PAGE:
Mitigate Taxes On Sneaky Mutual Fund Distributions

Surprise taxes can feel like getting a lump of coal. Here is how to Mitigate Taxes On Sneaky Mutual Fund Distributions

Full Transcript:

Anthony: Okay Alex, so we are approaching year-end here and people don’t often realize that mutual funds can release big distributions towards the end of the year, which is taxable income even if they don’t sell.

Alex: Yeah, that’s right. So the way a mutual fund works, at a really high level is when they buy and sell securities within the mutual fund those gains are distributed to you “the investor” if there aren’t any losses to offset those gains which can be a bit frustrating for investors because they have a little bit less control over the Taxation and you know the ability to control that at year-end.

Anthony: So we’re specifically talking about a taxable investment account, not a retirement account. So what steps can people take to help avoid or minimize these taxes?

Alex: Well, the first thing you need to do is research and look up what the “expected mutual fund capital gain distribution is expected to be”. So, you know, one of the easiest ways to do this is you just kind of type in your mutual fund capital gain estimates 2020 into Google. Google knows a lot of stuff it’ll usually pull up what that estimate is going to be.

Anthony: Towards the end of the year.

Alex: Exactly. That’s really like the first step then the next step is to look at your personal holding of that investment to say. Okay. Do I have a gain or a loss in that investment? If you have a loss it can kind of be a slam dunk to sell. Realize that loss, you know kind of tax-loss harvesting and then avoid that Capital gain distribution that might be coming out.

If you have a gain position, right if you have a mutual fund where it’s grown in value and it’s in a gain position that requires a little bit more analysis because at that point what you want to do is figure out okay, is it more advantageous to me to hold on to my mutual fund receive the capital gain distribution that the company is going to spit out to me? Or is it better to sell my fund, you know, realizing some gains there, but then avoiding a possible bigger distribution from the company, right? So those are really the big steps there in you really have to look at both the estimate of what the company’s going to distribute and compare that to what your personal tax liability is on a mutual fund that you hold. The one thing I want to point out is if you do sell. If you do decide to sell your mutual fund before the distribution you want to make sure to sell before the “ex-dividend date” that’s a very important date.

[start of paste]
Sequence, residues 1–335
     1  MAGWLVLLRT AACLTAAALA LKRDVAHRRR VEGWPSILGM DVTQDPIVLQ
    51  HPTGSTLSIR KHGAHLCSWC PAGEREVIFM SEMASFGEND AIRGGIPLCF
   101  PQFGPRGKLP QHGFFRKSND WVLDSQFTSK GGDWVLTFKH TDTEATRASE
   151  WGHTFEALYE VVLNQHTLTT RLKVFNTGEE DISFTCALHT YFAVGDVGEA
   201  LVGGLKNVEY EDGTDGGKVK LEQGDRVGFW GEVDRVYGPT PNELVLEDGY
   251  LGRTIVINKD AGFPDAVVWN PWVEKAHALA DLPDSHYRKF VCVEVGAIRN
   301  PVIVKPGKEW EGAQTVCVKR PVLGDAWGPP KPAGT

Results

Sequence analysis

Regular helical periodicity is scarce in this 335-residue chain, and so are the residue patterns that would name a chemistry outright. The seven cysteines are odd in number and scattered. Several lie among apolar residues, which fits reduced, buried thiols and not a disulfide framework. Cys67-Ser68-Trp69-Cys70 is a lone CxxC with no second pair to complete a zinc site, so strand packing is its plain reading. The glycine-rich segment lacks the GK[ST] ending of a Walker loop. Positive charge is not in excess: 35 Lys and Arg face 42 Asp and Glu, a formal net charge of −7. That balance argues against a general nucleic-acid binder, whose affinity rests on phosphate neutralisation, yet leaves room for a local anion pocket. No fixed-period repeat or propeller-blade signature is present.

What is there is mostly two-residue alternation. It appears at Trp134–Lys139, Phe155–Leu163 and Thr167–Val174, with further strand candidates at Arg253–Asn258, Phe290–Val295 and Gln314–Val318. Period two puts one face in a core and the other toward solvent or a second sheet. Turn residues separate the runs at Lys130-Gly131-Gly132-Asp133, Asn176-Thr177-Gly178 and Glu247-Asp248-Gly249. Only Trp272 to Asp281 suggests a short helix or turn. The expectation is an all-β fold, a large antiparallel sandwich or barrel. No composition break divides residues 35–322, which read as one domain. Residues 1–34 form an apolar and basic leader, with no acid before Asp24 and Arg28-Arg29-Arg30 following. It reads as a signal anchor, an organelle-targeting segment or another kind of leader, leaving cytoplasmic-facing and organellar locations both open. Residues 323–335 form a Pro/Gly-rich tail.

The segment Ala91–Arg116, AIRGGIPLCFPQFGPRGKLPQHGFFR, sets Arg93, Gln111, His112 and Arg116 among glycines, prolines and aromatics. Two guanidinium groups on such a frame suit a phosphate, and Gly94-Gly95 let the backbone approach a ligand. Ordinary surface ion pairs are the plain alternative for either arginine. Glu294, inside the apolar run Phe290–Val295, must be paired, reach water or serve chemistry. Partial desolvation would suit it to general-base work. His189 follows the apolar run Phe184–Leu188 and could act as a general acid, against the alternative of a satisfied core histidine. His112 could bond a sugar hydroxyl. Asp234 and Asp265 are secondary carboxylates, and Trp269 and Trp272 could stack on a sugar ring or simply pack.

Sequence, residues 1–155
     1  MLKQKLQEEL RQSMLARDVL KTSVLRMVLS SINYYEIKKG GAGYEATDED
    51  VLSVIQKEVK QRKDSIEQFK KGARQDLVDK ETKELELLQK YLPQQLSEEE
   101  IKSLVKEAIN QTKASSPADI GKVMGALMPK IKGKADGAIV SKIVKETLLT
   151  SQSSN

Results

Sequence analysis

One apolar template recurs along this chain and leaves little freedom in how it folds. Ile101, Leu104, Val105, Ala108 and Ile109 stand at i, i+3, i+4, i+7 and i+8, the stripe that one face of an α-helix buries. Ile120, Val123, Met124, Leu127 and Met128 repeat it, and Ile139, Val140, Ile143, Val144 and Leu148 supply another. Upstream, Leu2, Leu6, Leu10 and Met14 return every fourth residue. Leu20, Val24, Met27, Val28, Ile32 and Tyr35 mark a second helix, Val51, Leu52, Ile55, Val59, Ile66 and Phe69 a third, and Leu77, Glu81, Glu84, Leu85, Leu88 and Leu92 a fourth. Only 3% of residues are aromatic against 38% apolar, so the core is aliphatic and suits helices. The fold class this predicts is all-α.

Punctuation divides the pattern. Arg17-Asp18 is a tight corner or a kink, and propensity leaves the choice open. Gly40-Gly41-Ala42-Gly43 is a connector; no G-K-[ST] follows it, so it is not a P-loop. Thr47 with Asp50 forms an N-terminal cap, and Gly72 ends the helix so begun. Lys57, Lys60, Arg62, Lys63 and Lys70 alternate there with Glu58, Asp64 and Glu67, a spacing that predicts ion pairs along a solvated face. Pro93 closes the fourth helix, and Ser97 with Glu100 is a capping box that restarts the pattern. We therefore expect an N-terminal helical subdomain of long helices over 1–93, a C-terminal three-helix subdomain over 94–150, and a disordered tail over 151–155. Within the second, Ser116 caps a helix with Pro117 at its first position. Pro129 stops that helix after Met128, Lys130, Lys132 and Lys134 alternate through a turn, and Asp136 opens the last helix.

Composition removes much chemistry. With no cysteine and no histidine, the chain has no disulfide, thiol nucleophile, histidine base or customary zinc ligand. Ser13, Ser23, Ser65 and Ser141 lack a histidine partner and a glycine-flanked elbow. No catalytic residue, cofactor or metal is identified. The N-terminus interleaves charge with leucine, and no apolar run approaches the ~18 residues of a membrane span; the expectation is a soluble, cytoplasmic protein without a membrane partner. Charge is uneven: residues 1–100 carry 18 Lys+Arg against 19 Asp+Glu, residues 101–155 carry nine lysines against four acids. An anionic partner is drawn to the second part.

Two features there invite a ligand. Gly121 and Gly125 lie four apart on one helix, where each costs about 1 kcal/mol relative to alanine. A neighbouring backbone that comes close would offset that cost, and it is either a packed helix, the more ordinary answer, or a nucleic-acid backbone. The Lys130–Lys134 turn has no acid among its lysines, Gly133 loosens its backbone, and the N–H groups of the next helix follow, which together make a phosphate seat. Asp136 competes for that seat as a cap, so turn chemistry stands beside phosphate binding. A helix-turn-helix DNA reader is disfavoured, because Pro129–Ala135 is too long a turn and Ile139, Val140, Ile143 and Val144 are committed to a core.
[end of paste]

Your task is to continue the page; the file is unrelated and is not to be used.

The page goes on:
Anthony: Timing is really important.

Alex: If you don’t, all this is fruitless, and you’ll still be getting that gain distribution.

Anthony: Yeah, and this can be a complex thing. If you’re not dealing with it every day. So definitely consult your Tax Advisor your financial advisor to be able to work through this. and the other part of it too is not just avoiding tax. But in a lot of cases if you sell something you still want to be able to participate maybe a in the market increasing if that does happen. So buying a substitute fund to participate in a recovery. Also, if you’re selling at a loss, not immediately buying that same fund back because there’s some final “wash sale rules” so so this can get very complicated quickly. We just wanted to give you the basics here. There is more that goes into it.

Make sure to consult your Tax Advisor your investment advisor as well. These are the types of things that we help people with to help them grow and protect their Investments, but also to save on the bottom line of taxes

If you’d like to talk with us go to our website You can schedule a call with us there. We’d love to talk to you.

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Disclaimer: One Degree Advisors does not provide tax or legal advice. This website has been prepared for informational purposes only, and is not intended to provide, and should not be relied on for tax or legal advice. You should consult your own tax, legal and accounting advisors before engaging in any transaction.


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